He mentions wider influences like Sigur Rós and film scores, something that fed into the sound of album closer ‘Forget Me Not’. Showing the band at their most vulnerable, it was added almost at the last minute to the record, reflecting on the loss of Jim’s grandfather to dementia. Writing became an outlet to process the shock and pain emanating from the situation, with the final song formed over a chord structure he had been playing with for around 12 years – never finding the right moment to use it until now. As he puts it, “having that piece to put my pain to felt right.”
“It was hard to start but when we hit on the idea of just talking about what you were feeling, it hit the right path,” adds Han. “I just think that song is one we needed to write for Jim’s state of mind. That’s what art should be – something you make because you need to. It finishes the record how it started, kind of goes full circle.”
Loveless vocalist Julian Comeau appears on ‘Amphetamine’, a feature that the pair is keen to stress came about naturally.
“It’s quite easy to get carried away and have a hundred features with people popping up on every song” says Jim. “We were quite keen to make it about us.”
“I’m not a big fan of features,” Han continues. “I think it sometimes can be quite lazy and shoehorned in. But there is a time and place for it. We wanted the three-part harmony and we knew he had a great voice that would compliment ours. From the musicianship side, that’s all it was for me. He’s a great musician and has a great voice.”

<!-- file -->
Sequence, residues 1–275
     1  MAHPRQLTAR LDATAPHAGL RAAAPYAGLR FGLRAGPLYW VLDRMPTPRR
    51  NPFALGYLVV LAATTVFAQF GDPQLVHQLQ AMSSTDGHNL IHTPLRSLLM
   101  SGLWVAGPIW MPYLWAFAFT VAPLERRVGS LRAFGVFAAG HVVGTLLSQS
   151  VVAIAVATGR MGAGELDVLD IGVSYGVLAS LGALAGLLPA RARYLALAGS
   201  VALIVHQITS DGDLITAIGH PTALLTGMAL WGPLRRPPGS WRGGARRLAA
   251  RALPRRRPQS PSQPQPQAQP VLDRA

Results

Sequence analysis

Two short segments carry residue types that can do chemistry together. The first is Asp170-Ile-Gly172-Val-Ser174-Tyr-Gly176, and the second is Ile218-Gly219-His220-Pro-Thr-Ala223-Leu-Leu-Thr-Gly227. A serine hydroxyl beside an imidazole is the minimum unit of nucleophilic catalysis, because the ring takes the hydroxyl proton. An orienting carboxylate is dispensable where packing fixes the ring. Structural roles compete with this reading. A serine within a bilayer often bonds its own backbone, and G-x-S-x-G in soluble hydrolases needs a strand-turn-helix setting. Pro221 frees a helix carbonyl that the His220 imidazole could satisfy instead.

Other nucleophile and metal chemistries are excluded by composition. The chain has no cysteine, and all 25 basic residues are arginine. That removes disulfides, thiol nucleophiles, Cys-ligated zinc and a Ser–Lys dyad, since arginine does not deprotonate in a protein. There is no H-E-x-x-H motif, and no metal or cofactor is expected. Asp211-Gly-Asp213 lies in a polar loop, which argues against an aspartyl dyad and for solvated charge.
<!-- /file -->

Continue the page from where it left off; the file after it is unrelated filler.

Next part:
Elsewhere, Alice Cooper provides a hilarious voicenote to the ridiculously titled ‘Alice Cooper’s Pool House’, a concept dreamt up by Han, almost as a joke initially.
“I watch a lot of music documentaries and this theme kept cropping up that after the Sunset Strip, everyone would go back to Alice Cooper’s house for afters.”
Weaving Cooper’s song titles into the lyrics – ‘Bed Of Nails’, ‘Poison’ – they wrote the final track in two days, not intending to include it on the album until their management revealed that they had an existing relationship with the rock legend. The skit you hear on the album arrived in their inbox just a few days later.
“I never intended to write anything other than what is going on in my head and heart at that moment in time” says Han. “In the past, I have definitely written about not belonging anywhere because for a long time I really didn’t, and to an extent still don’t.”
The lyrics on Hot Milk’s EPs, even when wrapped inside a wider character arc or concept, have become increasingly personal with each release. Now, with ‘Breathing Underwater’, they tackle the idea of hopelessness and the pressure we can put on ourselves. The first song written during the album’s studio sessions, it arrived at a particularly vulnerable moment for Han who found catharsis through the studio process.